One of the criticisms leveled in the early days against enterprise cloud applications was that they were 'cookie-cutter' solutions — that every customer had to take the exact same package, with no scope for customization to individual requirements.
As time went on, it became clear that, to the extent this criticism held true, it was a feature not a failing. Having everyone running on the same codebase meant that everyone could benefit from frequent and largely hassle-free upgrades in functionality. And for most businesses, adopting cookie-cutter back-office processes is more efficient anyway than devising your own custom way of raising purchase orders or recording a sale.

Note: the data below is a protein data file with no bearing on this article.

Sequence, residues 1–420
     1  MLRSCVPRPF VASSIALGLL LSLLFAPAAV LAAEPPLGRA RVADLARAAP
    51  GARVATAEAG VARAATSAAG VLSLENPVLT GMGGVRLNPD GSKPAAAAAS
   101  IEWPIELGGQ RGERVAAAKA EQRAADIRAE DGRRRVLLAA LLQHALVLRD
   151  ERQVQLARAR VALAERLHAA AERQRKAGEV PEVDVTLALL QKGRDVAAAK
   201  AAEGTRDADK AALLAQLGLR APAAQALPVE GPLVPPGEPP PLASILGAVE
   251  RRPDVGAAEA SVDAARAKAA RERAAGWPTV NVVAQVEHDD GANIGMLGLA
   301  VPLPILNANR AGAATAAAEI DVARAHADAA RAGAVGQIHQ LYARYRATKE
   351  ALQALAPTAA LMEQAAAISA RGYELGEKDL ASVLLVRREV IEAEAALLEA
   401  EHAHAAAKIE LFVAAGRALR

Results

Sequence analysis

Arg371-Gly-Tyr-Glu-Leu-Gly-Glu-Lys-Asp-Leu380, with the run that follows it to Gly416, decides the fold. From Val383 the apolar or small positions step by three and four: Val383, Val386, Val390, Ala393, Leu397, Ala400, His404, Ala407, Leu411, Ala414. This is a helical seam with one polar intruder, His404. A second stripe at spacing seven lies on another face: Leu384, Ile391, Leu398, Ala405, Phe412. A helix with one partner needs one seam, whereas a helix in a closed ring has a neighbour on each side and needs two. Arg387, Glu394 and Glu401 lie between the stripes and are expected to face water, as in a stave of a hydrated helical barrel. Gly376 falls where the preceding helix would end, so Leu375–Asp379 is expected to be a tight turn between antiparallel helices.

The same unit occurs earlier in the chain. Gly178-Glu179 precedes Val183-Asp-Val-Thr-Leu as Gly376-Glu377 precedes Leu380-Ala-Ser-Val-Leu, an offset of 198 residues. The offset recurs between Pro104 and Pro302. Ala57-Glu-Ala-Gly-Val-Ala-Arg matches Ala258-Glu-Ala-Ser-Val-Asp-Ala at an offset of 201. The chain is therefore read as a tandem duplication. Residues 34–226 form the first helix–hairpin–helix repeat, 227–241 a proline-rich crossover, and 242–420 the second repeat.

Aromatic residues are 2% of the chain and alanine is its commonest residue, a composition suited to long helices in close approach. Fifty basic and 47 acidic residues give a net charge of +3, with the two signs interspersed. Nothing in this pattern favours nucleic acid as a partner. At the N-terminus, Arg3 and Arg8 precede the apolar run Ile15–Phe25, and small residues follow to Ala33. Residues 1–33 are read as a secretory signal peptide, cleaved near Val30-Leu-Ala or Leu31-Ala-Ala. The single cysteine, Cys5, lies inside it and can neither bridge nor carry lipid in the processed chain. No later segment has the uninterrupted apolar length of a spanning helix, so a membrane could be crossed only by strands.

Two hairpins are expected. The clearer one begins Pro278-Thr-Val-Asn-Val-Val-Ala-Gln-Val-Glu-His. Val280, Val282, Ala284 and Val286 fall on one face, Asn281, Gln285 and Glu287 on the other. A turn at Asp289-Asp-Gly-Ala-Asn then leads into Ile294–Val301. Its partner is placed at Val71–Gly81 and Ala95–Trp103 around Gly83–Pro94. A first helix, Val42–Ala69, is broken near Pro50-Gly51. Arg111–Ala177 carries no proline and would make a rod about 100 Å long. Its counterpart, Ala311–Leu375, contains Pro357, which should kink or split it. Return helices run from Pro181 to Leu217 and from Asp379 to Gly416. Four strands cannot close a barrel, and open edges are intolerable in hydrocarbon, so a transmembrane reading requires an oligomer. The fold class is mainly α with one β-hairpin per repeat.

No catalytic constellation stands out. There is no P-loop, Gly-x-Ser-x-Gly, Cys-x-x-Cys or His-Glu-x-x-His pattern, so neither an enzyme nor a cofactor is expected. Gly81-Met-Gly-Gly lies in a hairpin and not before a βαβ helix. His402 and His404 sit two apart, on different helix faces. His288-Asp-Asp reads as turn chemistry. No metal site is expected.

In any case, cloud providers gradually developed ways to provide configuration choices that meant their customers can tailor the way the application works to suit the specific requirements of their industry, geography, or other individual factors. In fact, these choices became so varied and flexible that cloud solutions eventually became vulnerable to over-configuration.
What would happen is that customers — often advised by old-school IT consultants — would try to configure the application to conform to the way their existing business processes worked. Whereas the vanilla configuration, for example, might allow for data entry on a mobile phone, or automated posting of online sales directly to the accounting system, the custom configuration would seek to replicate a more long-winded existing business process that had been designed before the advent of mobile phones and integrated digital business systems.
High stakes undertaking